During the winter season, carbon monoxide poisoning is more likely to occur in Central Indiana homes. Fuel-burning appliances are being used to keep living spaces warm and homes are tightly sealed to keep heat in, increasing the risk of a leak and exposure indoors. Star Heating & Cooling explains how carbon monoxide occurs and shows you how you can prevent a leak from occurring.

Sources of Carbon Monoxide in the Home

Carbon monoxide is the result of incomplete fuel combustion. This odorless, colorless gas can develop if natural gas, heating oil, wood, charcoal, and other fossil fuels don’t completely burn. 

When installed and used correctly, fuel-burning appliances are generally safe and the risk of a carbon monoxide leak is low. While carbon monoxide is a natural byproduct of running a gasoline-powered vehicle, burning charcoal, smoking cigarettes, and combustion within gas appliances, malfunctions, and unsafe usage can increase the risk of carbon monoxide occurring in the home.

Common sources of carbon monoxide leaks in a house include:

  • Faulty installation of gas, coal, wood, or oil appliances
  • Poor maintenance of fuel-burning appliances
  • Poor ventilation while using fuel-burning appliances
  • Blocked flue pipes or chimneys
  • Running vehicles in attached garages
  • Using certain cleaning chemicals and paint thinners in closed spaces

Ways to Reduce the Risk of a Carbon Monoxide Leak

To limit the likelihood of carbon monoxide this winter, follow these tips and keep your family safe.

1. Have Your Heating System Professionally Maintained

Gas and oil furnaces and boilers should be professionally serviced once per year. Schedule your heating system maintenance tune up in the fall, before it’s time to use the system come winter. Blocked flues, cracked heat exchangers, and other system damage can cause the furnace or boiler to leak carbon monoxide – these issues can be caught and corrected during professional maintenance.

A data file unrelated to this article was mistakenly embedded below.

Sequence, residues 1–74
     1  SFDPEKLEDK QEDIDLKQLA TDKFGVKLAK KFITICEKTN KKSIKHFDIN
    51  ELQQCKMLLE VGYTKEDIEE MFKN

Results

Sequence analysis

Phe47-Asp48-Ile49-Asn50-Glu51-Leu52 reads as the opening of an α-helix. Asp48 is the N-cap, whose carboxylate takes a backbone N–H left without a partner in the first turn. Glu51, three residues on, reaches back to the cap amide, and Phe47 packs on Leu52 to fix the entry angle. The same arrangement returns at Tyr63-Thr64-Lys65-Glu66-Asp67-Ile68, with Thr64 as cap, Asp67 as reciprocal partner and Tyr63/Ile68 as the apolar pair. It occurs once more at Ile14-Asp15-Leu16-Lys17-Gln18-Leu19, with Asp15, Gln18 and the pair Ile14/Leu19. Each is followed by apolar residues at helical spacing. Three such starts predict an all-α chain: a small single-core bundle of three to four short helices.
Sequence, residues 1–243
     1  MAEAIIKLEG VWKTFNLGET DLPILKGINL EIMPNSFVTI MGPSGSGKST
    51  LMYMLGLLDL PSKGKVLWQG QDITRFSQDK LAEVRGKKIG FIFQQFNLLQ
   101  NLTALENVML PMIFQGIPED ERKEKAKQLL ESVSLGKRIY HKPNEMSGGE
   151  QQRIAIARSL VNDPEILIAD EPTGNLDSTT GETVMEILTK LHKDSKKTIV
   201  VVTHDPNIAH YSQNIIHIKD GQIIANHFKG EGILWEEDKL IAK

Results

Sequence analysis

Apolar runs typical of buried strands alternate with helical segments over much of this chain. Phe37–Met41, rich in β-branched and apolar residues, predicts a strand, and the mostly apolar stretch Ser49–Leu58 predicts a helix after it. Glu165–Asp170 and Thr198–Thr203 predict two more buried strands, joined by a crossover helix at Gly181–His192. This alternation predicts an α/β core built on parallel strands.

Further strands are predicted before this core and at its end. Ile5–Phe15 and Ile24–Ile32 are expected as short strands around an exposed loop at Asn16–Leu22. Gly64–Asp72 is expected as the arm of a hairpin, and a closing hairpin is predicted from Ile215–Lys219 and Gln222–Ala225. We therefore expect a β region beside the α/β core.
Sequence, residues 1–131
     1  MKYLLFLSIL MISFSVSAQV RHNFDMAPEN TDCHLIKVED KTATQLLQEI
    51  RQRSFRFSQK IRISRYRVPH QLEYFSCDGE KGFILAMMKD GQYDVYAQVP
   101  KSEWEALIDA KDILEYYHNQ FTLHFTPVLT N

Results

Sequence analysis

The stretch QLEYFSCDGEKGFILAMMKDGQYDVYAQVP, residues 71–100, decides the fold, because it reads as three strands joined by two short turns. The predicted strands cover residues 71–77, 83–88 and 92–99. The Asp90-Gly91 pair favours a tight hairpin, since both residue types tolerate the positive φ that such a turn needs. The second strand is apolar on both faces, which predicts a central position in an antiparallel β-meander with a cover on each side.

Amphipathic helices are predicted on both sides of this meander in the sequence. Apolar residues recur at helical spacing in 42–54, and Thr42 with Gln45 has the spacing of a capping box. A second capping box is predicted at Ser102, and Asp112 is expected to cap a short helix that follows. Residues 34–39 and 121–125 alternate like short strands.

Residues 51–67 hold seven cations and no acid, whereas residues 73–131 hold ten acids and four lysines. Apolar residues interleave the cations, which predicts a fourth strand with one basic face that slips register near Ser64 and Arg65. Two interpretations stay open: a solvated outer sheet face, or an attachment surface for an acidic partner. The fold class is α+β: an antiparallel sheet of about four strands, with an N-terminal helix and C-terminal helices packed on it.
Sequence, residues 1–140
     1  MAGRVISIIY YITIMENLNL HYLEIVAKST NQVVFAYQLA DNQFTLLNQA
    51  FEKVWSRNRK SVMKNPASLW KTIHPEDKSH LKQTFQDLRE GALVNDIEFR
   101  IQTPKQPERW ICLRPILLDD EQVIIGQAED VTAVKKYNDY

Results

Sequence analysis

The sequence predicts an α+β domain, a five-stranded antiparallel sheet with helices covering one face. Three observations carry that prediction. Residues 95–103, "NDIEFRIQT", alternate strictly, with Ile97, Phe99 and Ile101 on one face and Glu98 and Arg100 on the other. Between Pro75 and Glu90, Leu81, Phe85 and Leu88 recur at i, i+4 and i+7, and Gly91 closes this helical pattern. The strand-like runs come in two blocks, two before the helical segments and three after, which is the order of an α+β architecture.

2. Have Your Chimney Professionally Inspected and Cleaned

If you’ll be using your fireplace this winter, have the chimney inspected by a professional annually. This inspection will ensure the chimney is in good condition and properly functioning for good ventilation. Inspection will also detect creosote buildup and if your chimney is in need of cleaning to prevent possible chimney fires. 

3. Install Carbon Monoxide Detectors

While the presence of alarms won’t prevent the possibility of carbon monoxide in the home, they will help reduce the risk of carbon monoxide poisoning for your family. A carbon monoxide alarm will sound when certain levels of carbon monoxide gas are detected in the home. Install at least one carbon monoxide detector on each level of your home, and place them just outside sleeping areas. Follow the manufacturer’s installation instructions, test the alarms monthly, and replace them every 5 to 7 years.

4. Do Not Run Vehicles in Closed Attached Garages

If you have an attached garage, do not let your vehicle idle in the garage without opening the overhead door. Do not turn your vehicle on until the overhead door has been opened. It’s best to pull your vehicle out of the garage and close the overhead door, allowing it to idle and warm up outside which minimizes the risk of carbon monoxide in the home. 

5. Don’t Operate Fuel-Powered Appliances and Grills Inside or Near Enclosed Areas

Gas-powered generators should not be operated inside the home. Do not use charcoal grills or camp stoves inside the house. Fuel-burning equipment should be operated outside at least 20 feet away from any windows or doors leading into an enclosed space.

Heat Your Home Safely This Winter

Don’t risk leaving your family exposed to carbon monoxide in the home. Help to protect your loved ones from the symptoms of CO poisoning by giving your system the maintenance it requires.

Schedule your annual furnace tune up with Star Heating & Cooling today and our professional technicians will provide the service you need to heat your home safely this season.